Tuesday, August 19, 2014

one ordinary life

The trail along the Salmon River offered cool shade that August afternoon. Countless trees, some of them wider than I am tall, others just fledglings, flanked both sides of the river. My eyes landed on a massive trunk and I craned my neck to see its towering top. If that one tree wasn't here, how different this stretch of trail would be! You could almost miss it, the expanse of dull brown bark beside the trail. But it's absence would change everything. Beside the path on either side, leafy ferns crowded together in the shade of the tallest tree, safe from the sun's scorching rays.

Salmon River, Oregon. Photo: C Imes
I climbed down the bank and walked on the stones, worn smooth by centuries of melting snow. Glancing across the water, I noticed a fallen tree. The steep bank where it once stood proudly had been washed downstream, lacking roots to trap topsoil. I stood there, pondering. You could certainly take a tree like that for granted, one of many, until it is gone. The refreshment of a hike through the woods depends on a great number of ordinary trees, growing up side by side, steadily reaching heavenward and shading the earth with their spreading limbs. (Just outside the national forest, on the drive home, lay evidence of mass destruction, several acres hacked to the ground all at once, with their bloody stumps baking in the summer sun.)

Who are the shade-givers in my life -- the ordinary people whose faithfulness makes this world a place worth living? Good neighbors blend in with their surroundings, seeming ordinary enough. But if we pause to imagine life without their stability -- their day-in-and-day-out caring for their corner of the world -- we discover what a difference they make. Subtract one tree and you have a hole in the sky, fewer branches for nesting, the topsoil washes downstream. A bleak landscape gradually replaces the forest. The exposed branches of neighboring trees grow dry and brittle...

My mind drifts back to Hudson Street, the place I called home for the first 9 years of my life. I can still smell it -- the wholesome aroma of Suzie's bread wafting across the street. It's been almost 30 years, but I can still taste the soft buttered slice, fresh from her oven on baking day. Suzie's hands and face and apron smudged with white flour as she answered the door bell. Warm lumps rising in the oven. Then punching and pulling and rolling the dough until it was just right for braiding.

I can still hear her voice, strong and warm, with its European lilt. Swiss neighbors, like swiss chocolate and swiss bread, are hard to forget.

Is that why I've always felt a part of me come alive at the smell of fresh bread baking? It takes me back to those innocent days -- sandboxes and swings, gardens and neighbors who cared. There were others who didn't -- who were more likely to be drunk and yelling than pulling out their knee-high weeds, but Suzie and Marion made up for the whole lot. They were the stately oaks across my Hudson who kept the rich topsoil from washing away. It was their shade under which I flourished and grew. I know Suzie prayed for us then and still does.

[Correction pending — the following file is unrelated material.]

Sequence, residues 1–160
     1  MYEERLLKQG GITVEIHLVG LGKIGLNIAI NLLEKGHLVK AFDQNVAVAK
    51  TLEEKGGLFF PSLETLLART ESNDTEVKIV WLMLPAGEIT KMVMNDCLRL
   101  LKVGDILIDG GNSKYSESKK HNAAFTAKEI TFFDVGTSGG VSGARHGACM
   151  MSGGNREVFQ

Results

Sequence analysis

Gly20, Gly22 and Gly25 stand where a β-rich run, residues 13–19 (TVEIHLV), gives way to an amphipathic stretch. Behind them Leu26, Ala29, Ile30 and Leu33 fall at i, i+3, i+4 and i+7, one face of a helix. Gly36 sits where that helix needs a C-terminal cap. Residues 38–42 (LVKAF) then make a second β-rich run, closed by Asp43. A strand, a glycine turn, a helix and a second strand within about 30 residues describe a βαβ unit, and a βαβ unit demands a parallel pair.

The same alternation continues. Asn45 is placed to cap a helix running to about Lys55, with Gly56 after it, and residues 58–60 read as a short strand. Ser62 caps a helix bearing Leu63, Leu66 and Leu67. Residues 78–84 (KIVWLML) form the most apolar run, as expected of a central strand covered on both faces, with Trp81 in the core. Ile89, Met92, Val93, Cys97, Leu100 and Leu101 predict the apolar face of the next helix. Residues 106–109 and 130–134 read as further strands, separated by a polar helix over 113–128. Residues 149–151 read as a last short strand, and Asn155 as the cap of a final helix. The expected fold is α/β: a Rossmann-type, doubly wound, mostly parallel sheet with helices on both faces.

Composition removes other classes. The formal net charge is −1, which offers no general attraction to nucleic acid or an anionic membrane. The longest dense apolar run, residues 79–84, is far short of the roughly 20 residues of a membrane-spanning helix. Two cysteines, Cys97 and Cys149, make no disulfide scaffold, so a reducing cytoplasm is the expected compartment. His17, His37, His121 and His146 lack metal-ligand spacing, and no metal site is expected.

I braided my first loaf the other day and thought of Suzie. Her steady demeanor, her no nonsense, no drama way of life. Her long, black (now white) tresses that I only rarely saw loose, when she brushed them. Every day she braided and twisted them into a bun on the back of her head. Suzie and Marion were nosy in the kindest way. "Mare" used to let himself into our backyard each day to check our thermometer and our vegetable garden, as if he didn't have enough of his own garden, bursting with produce. My brother, John, used to stand with his toes right up to the tippy edge of the sidewalk and call for him, "Mare! Mare!"

I'm guessing Suzie canned lots of things and cooked up a storm. But all I remember is her braided bread, for me one of the most delicious smells of childhood. (I wonder -- is her kitchen valance still hanging? -- the one stuck to the wall with the chewing gum I chewed just for her?)

A cherished visit with Suzie and Marion in 2005
I realize now that some of the houses I've imagined while reading books are really Suzie's house, with its galley kitchen looking out over the back yard, its family-sized table off the living room where her children ate their meals growing up, and where John and I sat after they were grown and gone, to fill our mouths with bread still hot from the oven. The piano with a hymnal close at hand. The living room with its inviting circle of couch and chairs. The box of children's books waiting to be read.

My world was a better place because of Suzie. She may be ordinary, but without her my life would have had an empty place. Suzie sheltered us on Hudson Street, providing a safe haven in a broken world. Her bread nourished the body and her company nourished the soul.

Never underestimate the power of an ordinary life well-lived.


  1. Carmen, I never fail to gain value of many sorts - spiritual, emotional, practical - from your posts. This one moved me deeply. I long to be a shadegiver for others even as some have been that for me. Thank you for reminding us of the power of an "ordinary" life.

  2. Maggie,
    To say that you and Mike have given us shade would be the understatement of the year. Thanks for standing tall and strong for us! We're so grateful!